- What is the recovery time for the coronavirus disease?
- Can COVID-19 be transmitted through food?
- Can the coronavirus spread via feces?
- Does BCG vaccine protect you from getting the coronavirus disease?
- How dangerous is COVID-19?
- Is there a vaccine for other disease that can be use to treat COVID-19?
- What is the percentage of people who need to be immune against COVID-19 in order to achieve herd immunity?
- Can COVID-19 be transmitted through feces or urine?
- Will climate change make the COVID-19 pandemic worse?
What is the recovery time for the coronavirus disease?
Using available preliminary data, the median time from onset to clinical recovery for mild cases is approximately 2 weeks and is 3-6 weeks for patients with severe or critical disease..
Can COVID-19 be transmitted through food?
There is currently no evidence that people can catch COVID-19 from food. The virus that causes COVID-19 can be killed at temperatures similar to that of other known viruses and bacteria found in food.
Can the coronavirus spread via feces?
There is some evidence that COVID-19 infection may lead to intestinal infection and be present in faeces. However, to date only one study has cultured the COVID-19 virus from a single stool specimen. There have been no reports of faecal−oral transmission of the COVID-19 virus to date.
Does BCG vaccine protect you from getting the coronavirus disease?
There is no evidence that the Bacille Calmette-Guérin vaccine (BCG) protects people against infection with COVID-19 virus. Two clinical trials addressing this question are underway, and WHO will evaluate the evidence when it is available. In the absence of evidence, WHO does not recommend BCG vaccination for the prevention of COVID-19. WHO continues to recommend neonatal BCG vaccination in countries or settings with a high incidence of tuberculosis.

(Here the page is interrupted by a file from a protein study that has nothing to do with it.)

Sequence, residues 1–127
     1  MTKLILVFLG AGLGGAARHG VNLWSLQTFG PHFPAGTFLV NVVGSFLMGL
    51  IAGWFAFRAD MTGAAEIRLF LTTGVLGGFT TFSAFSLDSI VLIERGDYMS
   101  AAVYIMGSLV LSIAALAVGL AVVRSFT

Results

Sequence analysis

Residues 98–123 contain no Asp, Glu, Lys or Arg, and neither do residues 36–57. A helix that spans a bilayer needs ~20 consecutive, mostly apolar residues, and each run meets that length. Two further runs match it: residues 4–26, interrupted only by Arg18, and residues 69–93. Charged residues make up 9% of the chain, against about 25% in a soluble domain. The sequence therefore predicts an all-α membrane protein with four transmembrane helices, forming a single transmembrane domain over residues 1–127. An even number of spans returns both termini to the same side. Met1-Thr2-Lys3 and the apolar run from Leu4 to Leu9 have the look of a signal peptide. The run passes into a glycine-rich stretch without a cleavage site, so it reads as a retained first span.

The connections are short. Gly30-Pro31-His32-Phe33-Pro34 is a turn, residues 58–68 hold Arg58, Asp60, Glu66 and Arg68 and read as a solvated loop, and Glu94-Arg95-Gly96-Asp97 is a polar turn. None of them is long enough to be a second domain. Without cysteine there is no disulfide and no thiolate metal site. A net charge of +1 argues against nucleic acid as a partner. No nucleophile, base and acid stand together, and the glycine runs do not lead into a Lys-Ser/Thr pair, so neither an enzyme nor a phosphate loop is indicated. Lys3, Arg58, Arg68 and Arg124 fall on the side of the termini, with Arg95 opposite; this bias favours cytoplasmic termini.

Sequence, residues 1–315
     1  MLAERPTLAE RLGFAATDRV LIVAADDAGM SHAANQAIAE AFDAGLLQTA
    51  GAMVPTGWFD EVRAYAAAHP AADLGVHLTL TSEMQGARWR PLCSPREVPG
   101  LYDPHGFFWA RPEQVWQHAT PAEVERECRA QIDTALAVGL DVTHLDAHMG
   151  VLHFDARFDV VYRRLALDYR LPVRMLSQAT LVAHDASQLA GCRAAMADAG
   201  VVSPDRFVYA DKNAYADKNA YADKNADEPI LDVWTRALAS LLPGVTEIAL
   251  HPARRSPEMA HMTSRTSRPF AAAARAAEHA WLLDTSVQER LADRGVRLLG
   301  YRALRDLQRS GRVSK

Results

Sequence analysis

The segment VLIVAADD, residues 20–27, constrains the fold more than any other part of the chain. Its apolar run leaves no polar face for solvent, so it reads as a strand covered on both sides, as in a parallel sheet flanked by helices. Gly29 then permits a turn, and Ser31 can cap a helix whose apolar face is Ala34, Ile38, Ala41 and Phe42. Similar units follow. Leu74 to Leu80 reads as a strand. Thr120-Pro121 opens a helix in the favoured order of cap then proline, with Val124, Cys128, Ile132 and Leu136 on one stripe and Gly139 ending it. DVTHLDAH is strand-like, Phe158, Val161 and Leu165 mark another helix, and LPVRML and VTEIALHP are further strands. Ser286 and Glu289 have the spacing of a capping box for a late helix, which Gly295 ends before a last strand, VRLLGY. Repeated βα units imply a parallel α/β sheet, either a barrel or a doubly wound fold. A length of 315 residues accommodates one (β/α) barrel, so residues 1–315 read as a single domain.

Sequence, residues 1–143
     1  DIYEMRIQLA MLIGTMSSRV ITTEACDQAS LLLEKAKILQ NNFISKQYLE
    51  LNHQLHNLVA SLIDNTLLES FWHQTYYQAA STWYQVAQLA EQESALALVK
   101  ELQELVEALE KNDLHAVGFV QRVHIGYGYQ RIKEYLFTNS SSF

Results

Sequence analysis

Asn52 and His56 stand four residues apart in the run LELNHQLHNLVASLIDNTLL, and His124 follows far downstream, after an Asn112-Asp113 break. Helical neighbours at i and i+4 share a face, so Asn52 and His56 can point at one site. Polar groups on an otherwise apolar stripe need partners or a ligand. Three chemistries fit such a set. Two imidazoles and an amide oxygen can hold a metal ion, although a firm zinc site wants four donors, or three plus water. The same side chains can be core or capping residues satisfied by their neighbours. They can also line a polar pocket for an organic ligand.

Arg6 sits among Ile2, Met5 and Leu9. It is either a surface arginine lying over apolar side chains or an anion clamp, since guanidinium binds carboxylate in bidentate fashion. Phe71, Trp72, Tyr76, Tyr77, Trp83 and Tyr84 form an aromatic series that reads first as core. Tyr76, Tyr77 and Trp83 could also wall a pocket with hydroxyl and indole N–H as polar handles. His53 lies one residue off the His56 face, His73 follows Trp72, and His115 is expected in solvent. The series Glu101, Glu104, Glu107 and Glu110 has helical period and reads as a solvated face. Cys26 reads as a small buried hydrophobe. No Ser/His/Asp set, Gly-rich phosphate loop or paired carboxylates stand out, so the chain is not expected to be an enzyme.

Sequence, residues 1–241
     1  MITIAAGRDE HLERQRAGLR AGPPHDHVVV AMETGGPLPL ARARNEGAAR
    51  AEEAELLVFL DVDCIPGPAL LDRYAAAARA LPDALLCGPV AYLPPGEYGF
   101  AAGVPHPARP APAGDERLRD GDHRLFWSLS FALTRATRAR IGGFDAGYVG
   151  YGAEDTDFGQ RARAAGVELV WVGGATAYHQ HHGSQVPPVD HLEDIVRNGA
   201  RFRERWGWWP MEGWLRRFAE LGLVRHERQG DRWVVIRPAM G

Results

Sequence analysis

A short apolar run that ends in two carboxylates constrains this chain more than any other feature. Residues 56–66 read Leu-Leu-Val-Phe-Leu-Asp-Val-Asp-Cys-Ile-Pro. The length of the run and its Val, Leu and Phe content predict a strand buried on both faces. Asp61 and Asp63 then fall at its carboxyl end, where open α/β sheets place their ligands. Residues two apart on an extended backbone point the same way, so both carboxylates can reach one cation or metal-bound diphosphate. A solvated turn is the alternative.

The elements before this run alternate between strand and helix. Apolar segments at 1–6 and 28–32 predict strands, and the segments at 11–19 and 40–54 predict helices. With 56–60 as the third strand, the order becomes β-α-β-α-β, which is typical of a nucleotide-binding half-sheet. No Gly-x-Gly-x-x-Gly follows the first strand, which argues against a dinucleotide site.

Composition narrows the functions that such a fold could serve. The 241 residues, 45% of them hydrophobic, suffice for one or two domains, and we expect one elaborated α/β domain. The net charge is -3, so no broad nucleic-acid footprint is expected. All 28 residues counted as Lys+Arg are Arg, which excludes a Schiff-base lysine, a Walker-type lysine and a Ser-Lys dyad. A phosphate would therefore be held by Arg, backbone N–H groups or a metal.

How dangerous is COVID-19?
Although for most people COVID-19 causes only mild illness, it can make some people very ill. More rarely, the disease can be fatal. Older people, and those with pre- existing medical conditions (such as high blood pressure, heart problems or diabetes) appear to be more vulnerable.
Is there a vaccine for other disease that can be use to treat COVID-19?
Currently, there is no evidence that any existing vaccines will protect against COVID-19.However, scientists are studying whether some existing vaccines – such as the Bacille Calmette-Guérin (BCG) vaccine, which is used to prevent tuberculosis – are also effective for COVID-19. WHO will evaluate evidence from these studies when available.
What is the percentage of people who need to be immune against COVID-19 in order to achieve herd immunity?
See full answerWe are still learning about immunity to COVID-19. Most people who are infected with COVID-19 develop an immune response within the first few weeks, but we don’t know how strong or lasting that immune response is, or how it differs for different people. There have also been reports of people infected with COVID-19 for a second time. Until we better understand COVID-19 immunity, it will not be possible to know how much of a population is immune and how long that immunity last for, let alone make future predictions. These challenges should preclude any plans that try to increase immunity within a population by allowing people to get infected.
Can COVID-19 be transmitted through feces or urine?
SARS-CoV-2 RNA has also been detected in other biological samples, including the urine and feces of some patients. One study found viable SARS-CoV-2 in the urine of one patient. Three studies have cultured SARS-CoV-2 from stool specimens. To date, however, there have been no published reports of transmission of SARS-CoV-2 through feces or urine.
Will climate change make the COVID-19 pandemic worse?
See full answerThere is no evidence of a direct connection between climate change and the emergence or transmission of COVID-19 disease. As the disease is now well established in the human population, efforts should focus on reducing transmission and treating patients.However, climate change may indirectly affect the COVID-19 response, as it undermines environmental determinants of health, and places additional stress on health systems. More generally, most emerging infectious diseases, and almost all recent pandemics, originate in wildlife, and there is evidence that increasing human pressure on the natural environment may drive disease emergence. Strengthening health systems, improved surveillance of infectious disease in wildlife, livestock and humans, and greater protection of biodiversity and the natural environment, should reduce the risks of future outbreaks of other new diseases.